Regardless of when your divorce takes place, it is important that any payments made or received qualify as alimony. Many general criteria need to be met. Payments made must be pursuant to a divorce decree or a separation agreement. They must also be made for the specific purpose of helping a former spouse maintain a reasonable standard of living.

If you are making or receiving an alimony payment, it cannot be given to or from someone who lives in the same household. Furthermore, you can’t file a joint return with the person from whom you receive or to whom you give spousal maintenance. Finally, the payment must be made in cash or a similar manner such as check or money order.

The IRS uses strict standards when determining if a person is entitled to special consideration regarding such a payment. These are unlikely to change going forward, so if you want your payments to qualify as alimony, it is important to understand the rules.

If you are looking for a family law attorney to advise you on these matters, contact Stewart Law PLLC at (281) 420-8020 at our practice in Baytown.

Proposed Bills Would Increase Cost of Texas Divorce, Impact Privacy

The Cost of Texas Divorce

Two changes to Texas divorce law proposed by Republican Matt Krause would significantly increase the time and cost involved in a divorce, and would have a devastating impact on the privacy of individuals involved in divorce proceedings. Krause has filed SB 93, which would eliminate “insupportability” as a legal cause for divorce in Texas, effectively doing away with no-fault divorce in Texas. The other proposed statute, HB 65, would extend the current 60 day waiting period to 180 days for couples with minor children. If you need help, contact a Baytown family law attorney about the cost of Texas divorce.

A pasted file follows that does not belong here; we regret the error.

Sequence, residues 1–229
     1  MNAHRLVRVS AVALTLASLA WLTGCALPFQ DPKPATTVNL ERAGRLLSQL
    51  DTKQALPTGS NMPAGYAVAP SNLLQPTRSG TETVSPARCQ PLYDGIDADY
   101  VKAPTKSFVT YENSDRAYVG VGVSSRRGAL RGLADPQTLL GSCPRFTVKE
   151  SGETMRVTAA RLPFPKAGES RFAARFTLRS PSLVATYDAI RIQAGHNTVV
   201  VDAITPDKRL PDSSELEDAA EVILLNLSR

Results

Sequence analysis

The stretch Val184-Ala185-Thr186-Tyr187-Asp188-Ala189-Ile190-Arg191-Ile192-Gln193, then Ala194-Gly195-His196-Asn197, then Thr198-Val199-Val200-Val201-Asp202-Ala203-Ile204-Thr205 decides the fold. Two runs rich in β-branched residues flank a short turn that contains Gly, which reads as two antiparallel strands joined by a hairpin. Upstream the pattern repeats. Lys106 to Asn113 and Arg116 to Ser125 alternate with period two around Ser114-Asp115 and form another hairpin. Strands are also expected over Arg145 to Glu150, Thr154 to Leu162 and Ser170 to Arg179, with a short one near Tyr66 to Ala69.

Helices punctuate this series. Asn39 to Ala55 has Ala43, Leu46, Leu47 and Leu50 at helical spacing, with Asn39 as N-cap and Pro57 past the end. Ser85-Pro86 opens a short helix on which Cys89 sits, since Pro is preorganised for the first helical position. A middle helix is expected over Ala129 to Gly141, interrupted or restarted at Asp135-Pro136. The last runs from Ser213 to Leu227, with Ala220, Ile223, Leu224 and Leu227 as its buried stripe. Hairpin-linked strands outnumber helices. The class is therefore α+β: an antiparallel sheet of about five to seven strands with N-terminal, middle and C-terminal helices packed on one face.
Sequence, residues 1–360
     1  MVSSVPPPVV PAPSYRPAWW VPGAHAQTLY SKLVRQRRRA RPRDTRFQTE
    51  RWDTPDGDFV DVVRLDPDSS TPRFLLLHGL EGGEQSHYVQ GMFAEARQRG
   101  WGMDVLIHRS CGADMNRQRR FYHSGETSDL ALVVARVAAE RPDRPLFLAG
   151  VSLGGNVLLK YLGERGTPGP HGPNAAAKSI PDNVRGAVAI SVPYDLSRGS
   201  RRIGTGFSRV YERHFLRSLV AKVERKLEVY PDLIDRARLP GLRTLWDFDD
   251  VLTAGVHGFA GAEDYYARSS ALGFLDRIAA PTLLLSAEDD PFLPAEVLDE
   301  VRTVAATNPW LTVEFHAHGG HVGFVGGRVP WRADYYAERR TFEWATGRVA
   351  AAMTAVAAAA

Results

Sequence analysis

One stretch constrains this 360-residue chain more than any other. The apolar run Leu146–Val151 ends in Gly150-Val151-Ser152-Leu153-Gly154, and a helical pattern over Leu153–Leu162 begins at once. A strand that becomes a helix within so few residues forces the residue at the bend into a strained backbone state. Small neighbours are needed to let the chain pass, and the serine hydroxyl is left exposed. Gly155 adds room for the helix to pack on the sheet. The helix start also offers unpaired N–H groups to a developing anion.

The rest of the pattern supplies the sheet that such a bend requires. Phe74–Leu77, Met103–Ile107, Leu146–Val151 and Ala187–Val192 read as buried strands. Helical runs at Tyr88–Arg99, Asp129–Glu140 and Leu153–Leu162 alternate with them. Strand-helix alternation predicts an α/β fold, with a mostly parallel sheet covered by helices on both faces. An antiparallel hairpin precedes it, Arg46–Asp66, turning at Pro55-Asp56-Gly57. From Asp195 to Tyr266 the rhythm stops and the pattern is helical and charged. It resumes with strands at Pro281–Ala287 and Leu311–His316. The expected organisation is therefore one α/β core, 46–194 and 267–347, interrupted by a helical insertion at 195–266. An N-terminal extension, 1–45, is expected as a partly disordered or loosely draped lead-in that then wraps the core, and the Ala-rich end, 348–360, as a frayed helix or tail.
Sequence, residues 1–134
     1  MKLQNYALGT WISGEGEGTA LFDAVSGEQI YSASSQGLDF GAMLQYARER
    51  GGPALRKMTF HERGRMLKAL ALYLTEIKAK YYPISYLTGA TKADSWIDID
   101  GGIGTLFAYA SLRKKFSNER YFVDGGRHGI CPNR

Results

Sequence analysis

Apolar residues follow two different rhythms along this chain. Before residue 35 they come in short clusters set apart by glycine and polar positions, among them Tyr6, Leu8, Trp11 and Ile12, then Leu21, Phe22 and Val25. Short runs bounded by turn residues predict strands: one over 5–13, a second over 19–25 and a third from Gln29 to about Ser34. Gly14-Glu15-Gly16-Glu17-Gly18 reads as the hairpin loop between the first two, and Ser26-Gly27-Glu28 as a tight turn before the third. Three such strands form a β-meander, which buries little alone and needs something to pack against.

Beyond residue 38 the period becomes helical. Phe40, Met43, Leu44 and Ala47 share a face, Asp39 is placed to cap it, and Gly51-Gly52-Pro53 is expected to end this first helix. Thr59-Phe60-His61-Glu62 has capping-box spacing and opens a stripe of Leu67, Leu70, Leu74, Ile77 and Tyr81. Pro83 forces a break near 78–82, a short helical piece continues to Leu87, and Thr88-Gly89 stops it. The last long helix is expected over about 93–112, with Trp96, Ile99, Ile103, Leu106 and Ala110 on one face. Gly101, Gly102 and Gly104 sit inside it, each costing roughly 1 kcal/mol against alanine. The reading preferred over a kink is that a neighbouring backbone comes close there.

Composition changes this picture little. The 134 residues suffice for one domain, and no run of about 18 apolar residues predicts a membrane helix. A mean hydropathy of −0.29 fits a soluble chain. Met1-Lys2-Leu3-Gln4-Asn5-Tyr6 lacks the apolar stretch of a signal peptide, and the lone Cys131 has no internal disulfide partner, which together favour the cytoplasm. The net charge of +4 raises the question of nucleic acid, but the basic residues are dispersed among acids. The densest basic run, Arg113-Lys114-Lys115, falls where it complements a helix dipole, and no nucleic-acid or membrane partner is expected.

Under the current law in Texas, a party seeking divorce must provide a reason, but can cite “insupportability” as the cause, essentially saying that the bonds of marriage have been broken and the differences are irreconcilable. If Krause’s proposed law is adopted, that option will no longer be available and parties will have to cite one of the following reasons:

  • Adultery
  • Abandonment for a minimum of one year
  • Failure to cohabitate for at least three years
  • Commitment to a mental hospital
  • Cruelty
  • Conviction of a felony

Cost of Texas Divorce

Warren Cole, president-elect of the Texas Family Law Foundation, says the proposed statute, if enacted, would necessarily lead to significant increases in the cost of a divorce, as parties would have to spend money to prove adultery, abandonment or one of the other causes. He says that simply making it harder for people to get a divorce doesn’t get at the issue of whether or not the marriage is working, and that forcing parties to stay in an unhealthy relationship because they can’t afford a divorce serves no meaningful purpose. He also notes that parties who cite insupportability often do so to avoid publicly accusing a spouse of infidelity. If the law passes, he says, all that dirty laundry will have to be a matter of public record.